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‘We need rainfall’

It’s no surprise it is dry out, but just how are these drier conditions affecting the agricultural industry and what could this mean for the consumer?

Conditions

Dennis Todey, director of the United States Department of Agriculture Midwest Climate Hub, said precipitation for spring has been dramatically lower than average.

“We have parts of central Iowa that have received no or almost no precipitation in the first part of June,” he said. “June, climatology speaking, is our peak precipitation month.”

These conditions could almost be labeled unprecedented.

Todey said data compiled by Justin Glisan, state climatologist for the Iowa Department of Agriculture and Land Stewardship, said it appears, so far, 2021 can be comparable to 1988 and 1933.

Weather outlook

Fortunately, it appears temperatures will be cooler than average going into early next week and Todey said the cool-down could last through the end of the month.

“It will feel more comfortable. It will be better for plants,” he said.

But will that be enough?

Todey said the real need right now is moisture.

“The cooler temperatures prolong the issue. We need rainfall,” he said.

There are some chances for rainfall in the next week to 10 day outlook.

“We have several chances for precipitation,” Todey said. “That is the good news. The unfortunate news is that this is summertime precipitation, so we are probably going to have some winners and losers”

In the case of summertime precipitation, Todey said some might receive an inch or two of rain, while others will get nothing.

The key will be for the rains to be consistent and often. But the outlook is not showing much potential.

“Because the soils are so dry, we need to continue getting rainfalls over the next several weeks and the indications show that we donát see that is necessarily going to continue,” he said. “We are not seeing a pattern that is going to keep it going.”

Drought monitor

The most recent Drought Monitor was released Thursday. Todey said it shows the southern half of Webster County is labeled “D2” which is a severe drought. The north half of the county is listed “D1” ­ moderate drought.

“It’s just not good anywhere,” he said.

Crop conditions

What does this all mean for crop conditions?

Angie Rieck-Hinz, Iowa State University Extension and Outreach field agronomist, said the dry conditions are affecting all of the crops in her region of Calhoun, Webster, Hamilton, Hardin, Humboldt, Wright, Franklin, Cerro Gordo and Worth counties.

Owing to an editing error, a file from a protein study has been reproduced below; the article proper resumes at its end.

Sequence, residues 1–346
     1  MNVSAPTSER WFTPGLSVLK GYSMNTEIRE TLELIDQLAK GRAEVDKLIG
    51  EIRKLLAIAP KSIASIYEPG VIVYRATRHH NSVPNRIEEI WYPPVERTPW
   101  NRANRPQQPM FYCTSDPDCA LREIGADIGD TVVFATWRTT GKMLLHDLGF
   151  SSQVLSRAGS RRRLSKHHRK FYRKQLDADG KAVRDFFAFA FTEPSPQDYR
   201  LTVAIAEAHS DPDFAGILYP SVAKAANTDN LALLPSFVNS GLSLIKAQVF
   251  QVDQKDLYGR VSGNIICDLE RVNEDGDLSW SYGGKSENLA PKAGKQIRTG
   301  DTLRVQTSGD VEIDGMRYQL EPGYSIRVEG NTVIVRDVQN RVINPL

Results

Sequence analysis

“I am seeing corn rolling early in the morning in some places,” she said.

There are a few factors that could be causing this, including a shallow planting depth, but a lot of it is being pointed to the dry conditions.

“Nearly all corn is exhibiting stress by early afternoon. Beans are short. Alfalfa regrowth is slow and pastures are starting to turn brown,” she said.

The dry spell, Rieck-Hinz said, started last year and has not let up. As of June 14, reports are showing 33 percent of north central Iowaás topsoil moisture is very short and 46 percent of topsoil moisture is rated as short.

“Rains are extremely scattered and when rain is received, it highly varies in amount,”she said.

Although producers were aware of the dry conditions that carried over from last year, they all had an ideal beginning to the growing season.

“Corn and soybean planting got off to a great start,” said Rieck-Hinz. “Corn planting by May 23 was 97 percent complete ­ two weeks ahead of the five year average and soybean planting was about 15 days ahead of average.”

Between two frost events in May that caused issues with crop damage in some places and now the concerns of a continued drought, producers have had to face a harsh reality that what started out great, may not end that way.

Right now is a crucial time for plant growth and the lack of moisture is having a huge impact.

Soybeans are short due to the dry conditions. Not only may this affect overall yields, oftentimes the plant grows enough to shade rows and help conserve water by reducing evaporation off the soil surface.

Other concerns, Rieck-Hinz said, are the development of the plant. Typically at the stage some of the corn is in, or will soon be reaching, the corn ears are being initiated and the number of rows of corn around the cob are being determined.

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